State lawmakers proposing changes to Measure 110

SALEM, Ore.– Measure 110 is expected to be one of the hottest topics at next month’s upcoming legislative session.

State Democrats released a framework for revising 110 this week, including re-criminalizing drug possession.

Despite many Republicans looking to repeal Measure 110 entirely last session, some are now open to revising the measure instead.

But there are still many disagreements between parties on how to do that.

Republican Representative Kim Wallan said, “they would like to have it not completely repealed but to continue to use Measure 110 money to get people into treatment.”

A committee led by the Senate Majority Leader Kate Lieber released a framework for revising the controversial Measure 110.

That includes changing the consequences for being caught with a user amount of any drug, which is currently a Class E violation, which could lead to a $100 ticket at most.

The new proposal would change that to a Class C misdemeanor, which carries up to 30 days in jail and a $1,250 fine.

Democrat Senator Jeff Golden said, “I get people saying to me, repeal the whole thing, go back to what we had before. That’s not going to happen. And I get folks contacting me, don’t do anything to it, it hasn’t had time to work yet, treatment takes a long time to show the benefits. That’s not going to happen.”

With the legislative session starting February 5th, Republicans said they are going to release their plan to revise Measure 110 this week.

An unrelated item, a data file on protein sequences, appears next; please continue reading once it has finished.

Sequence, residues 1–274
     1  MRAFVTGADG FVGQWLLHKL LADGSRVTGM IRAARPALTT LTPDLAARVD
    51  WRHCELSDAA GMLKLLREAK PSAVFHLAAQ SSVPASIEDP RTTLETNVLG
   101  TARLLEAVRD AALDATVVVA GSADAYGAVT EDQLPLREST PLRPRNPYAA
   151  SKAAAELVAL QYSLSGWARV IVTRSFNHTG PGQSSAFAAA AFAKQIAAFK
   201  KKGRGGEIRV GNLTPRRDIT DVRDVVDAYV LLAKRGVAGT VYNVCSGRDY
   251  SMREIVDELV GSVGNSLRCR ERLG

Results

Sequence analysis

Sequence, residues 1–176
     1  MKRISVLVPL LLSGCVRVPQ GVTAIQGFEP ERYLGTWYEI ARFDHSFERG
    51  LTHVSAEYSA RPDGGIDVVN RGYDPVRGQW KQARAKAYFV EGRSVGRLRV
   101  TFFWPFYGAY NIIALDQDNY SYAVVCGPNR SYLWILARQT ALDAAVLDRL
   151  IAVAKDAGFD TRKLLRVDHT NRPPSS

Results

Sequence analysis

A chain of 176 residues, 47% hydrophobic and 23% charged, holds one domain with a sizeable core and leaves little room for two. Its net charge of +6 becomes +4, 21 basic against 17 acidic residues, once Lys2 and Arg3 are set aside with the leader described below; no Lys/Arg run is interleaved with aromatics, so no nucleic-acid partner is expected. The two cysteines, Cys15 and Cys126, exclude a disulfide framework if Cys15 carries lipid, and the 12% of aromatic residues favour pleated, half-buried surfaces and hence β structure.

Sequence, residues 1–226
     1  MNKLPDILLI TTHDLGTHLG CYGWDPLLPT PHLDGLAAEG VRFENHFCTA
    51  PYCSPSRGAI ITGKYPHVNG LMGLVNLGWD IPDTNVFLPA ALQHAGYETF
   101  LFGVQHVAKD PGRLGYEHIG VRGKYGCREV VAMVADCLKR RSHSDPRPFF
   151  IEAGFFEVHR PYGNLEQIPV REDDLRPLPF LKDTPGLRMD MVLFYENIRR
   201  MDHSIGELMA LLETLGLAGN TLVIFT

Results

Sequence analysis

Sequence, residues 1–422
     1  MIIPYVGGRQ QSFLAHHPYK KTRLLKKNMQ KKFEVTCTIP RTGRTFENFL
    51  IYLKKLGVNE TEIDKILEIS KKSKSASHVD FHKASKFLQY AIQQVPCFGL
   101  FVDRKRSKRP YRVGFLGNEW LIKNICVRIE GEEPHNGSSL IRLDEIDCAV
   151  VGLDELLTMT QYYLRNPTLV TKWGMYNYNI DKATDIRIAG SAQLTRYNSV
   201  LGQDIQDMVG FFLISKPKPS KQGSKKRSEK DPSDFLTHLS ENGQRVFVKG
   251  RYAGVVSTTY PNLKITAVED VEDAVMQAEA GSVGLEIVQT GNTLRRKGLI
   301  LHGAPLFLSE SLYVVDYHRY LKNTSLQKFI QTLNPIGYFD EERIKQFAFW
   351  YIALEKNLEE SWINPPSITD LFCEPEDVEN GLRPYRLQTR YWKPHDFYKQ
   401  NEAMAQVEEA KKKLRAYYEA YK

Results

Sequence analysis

Representative Wallan would like to see the penalty for possession changed to a Class A misdemeanor.

“The failure of it to get people motivated to get into treatment, it just hasn’t been there. In that first year, I think 8 people called the hotline from Jackson County,” Wallan said, “so it’s not working, we have to have some teeth.”

Senator Golden agrees there needs to be stronger incentives to start treatment, which includes making treatment more available.

But he wants to make sure the goal is getting people into treatment, rather than criminalization.

“My concern is repeating the mistake of the war on drugs for 30, 40 years. Where a violation like personal possession would go on somebody’s record,” Golden said, “that person would have trouble for the rest of their life finding decent employment, decent housing.”

Golden said he agrees with his fellow democrats proposal to allow anyone charged with possession to avoid the charge if they complete a behavioral health screening and case worker intervention.

Wallan said both parties will be working together throughout the upcoming session to revise the measure.

“There is a lot of common ground, there really is. There are pieces that we don’t agree with,” Wallan said, “one thing I would say I strongly disagree with is the idea of what’s called harm reduction.”

We reached out to OnTrack Rogue Valley about the proposal and what changes it would like to see regarding Measure 110.

Executive Director Sommer Wolcott replied with a statement:

“We hope that Oregon invests in infrastructure that will support expansion of residential and outpatient treatment as well as withdrawal management, in addition to ensuring rapid access to Medically Assisted Treatment (MAT) as needed by individuals.  When people seek treatment voluntarily or though mandates, they need rapid access to a full continuum of support and treatment that is currently not available due to long waitlists for residential treatment beds.”

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Former NBC5 News reporter Derek Strom is from Renton, Washington. He recently graduated from the Edward R. Murrow College of Communications at Washington State University with a degree in Broadcast News and a minor in Sports Management. He played in the drumline with the WSU marching band. These days, he plays the guitar and piano. Derek is a devoted fan of the Mariners, Seahawks, and Kraken.
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